Roy A. DAY, Plaintiff, Appellant,
Kenzo NAKAMURA, et al., Defendants, Appellees.
United States Court of Appeals,
June 30, 1995.
59 F.3d 164
NOTICE: First Circuit Local Rule 36.2(b)6 states unpublished opinions may be cited only in related cases.
Roy A. Davis, pro se, on motion for summary reversal.
Marshall D. Stein and Cherwin & Glickman on motion for summary affirmance and memorandum in support of motion for summary affirmance for appellees.
Before CYR, BOUDIN and LYNCH, Circuit Judges.
Plaintiff-appellant, Roy A. Day, appeals pro se from the district court's dismissal of his complaint for lack of subject matter jurisdiction pursuant to Fed. R. Civ. P. 12(b)(1). Appellees have moved for summary affirmance. Day has moved for summary reversal. We summarily affirm the dismissal of this complaint.
I. Diversity Jurisdiction
"Once challenged, ..., the party seeking to invoke jurisdiction has the burden of alleging with sufficient particularity the facts indicating that it is not a legal certainty that the claim involves less than the jurisdictional amount. A party may meet this burden by amending the pleadings or by submitting affidavits." Department of Recreation & Sports v. World Boxing Ass'n, 942 F.2d 84, 88 (1st Cir. 1991).
Day has failed to meet his burden. He did not amend the pleadings or submit affidavits in response to appellees' motion to dismiss. Although the complaint seeks $180,000 in compensatory damages, the entire purchase price of the computer was only $2,385. Therefore, even if the inability to purchase additional memory rendered the computer completely useless (which Day admits it did not), the compensatory damages would not approach $50,000. The complaint does not allege lost profits or other consequential business losses.
Whether Massachusetts or Florida law controls (a matter about which the parties disagree), damages for mental pain and suffering and punitive damages are not recoverable on these facts. Therefore, Day has failed to plead facts indicating that it is not a legal certainty that his claims involve less than $50,000.
II. Federal Question Jurisdiction
Defendant's motion to dismiss was pursuant to both Fed. R. Civ. P. 12(b)(1) and 12(b)(6). The district court dismissed the complaint pursuant to 12(b)(1). Day argues on appeal that the adequacy of the jurisdictional amount is "moot" because the complaint arises under the Sherman and Clayton Acts and that, therefore, there is federal question jurisdiction pursuant to 28 U.S.C. Sec. 1331. We may affirm the district court's 12(b)(1) dismissal on any independently sufficient ground, including failure to state a claim. See Watterson v. Page, 987 F.2d 1, 7 n.3 (1st Cir. 1993).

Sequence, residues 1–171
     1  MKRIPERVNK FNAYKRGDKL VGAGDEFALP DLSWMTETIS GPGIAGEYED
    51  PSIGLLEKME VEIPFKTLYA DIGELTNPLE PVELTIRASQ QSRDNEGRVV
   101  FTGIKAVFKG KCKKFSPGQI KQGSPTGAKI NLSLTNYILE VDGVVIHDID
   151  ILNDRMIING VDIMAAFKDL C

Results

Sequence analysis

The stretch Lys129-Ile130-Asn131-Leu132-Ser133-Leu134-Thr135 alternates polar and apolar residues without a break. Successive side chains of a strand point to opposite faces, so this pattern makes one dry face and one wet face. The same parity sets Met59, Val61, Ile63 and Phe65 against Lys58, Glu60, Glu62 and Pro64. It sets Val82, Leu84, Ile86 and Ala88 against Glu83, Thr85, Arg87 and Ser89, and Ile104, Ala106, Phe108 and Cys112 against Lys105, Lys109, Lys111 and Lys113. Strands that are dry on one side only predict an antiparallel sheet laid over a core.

The basis of Day's claims under the Sherman and Clayton Acts is that defendants engaged in the following "monopolistic practices":
deny[ing] ... citizens additional 'random accessory memory' ... for NEC computers at a reasonable and competitive purchase price, solely for the purpose to force, coerce and intimidate the citizens to purchase a 'new NEC computer ' by using correspondence which is replete with 'falsehoods, fraud, misrepresentations and half-truths,'....
As the appellees point out in their Opposition to Appellant's Motion for Summary Reversal, the claim is illogical: "[W]ith such a range of alternative[ ] [lap top computers] available, appellant's dissatisfaction with the cost of enhancing the memory on his NEC machine would result in his purchasing a competitor's product, rather than being forced to buy another product from NEC."
The complaint alleges that NEC sells additional memory for the 286V at unreasonable and noncompetitive prices. It also alleges, however, that NEC-far from having a monopoly in the supply of additional RAM for the 286V-does not have the RAM for sale at all. The alleged "monopolistic practices" could not even conceivably have the effect of restraining competition or creating a monopoly. The complaint's vague and contradictory allegations fail to state a claim under the federal antitrust laws.
Accordingly, the district court's dismissal of this complaint is affirmed. See Loc. R. 27.1. Appellees' request for an injunction restricting Day's filings with the district court is denied. Appellees may file a motion with the district court seeking an injunction from future filings if the need arises.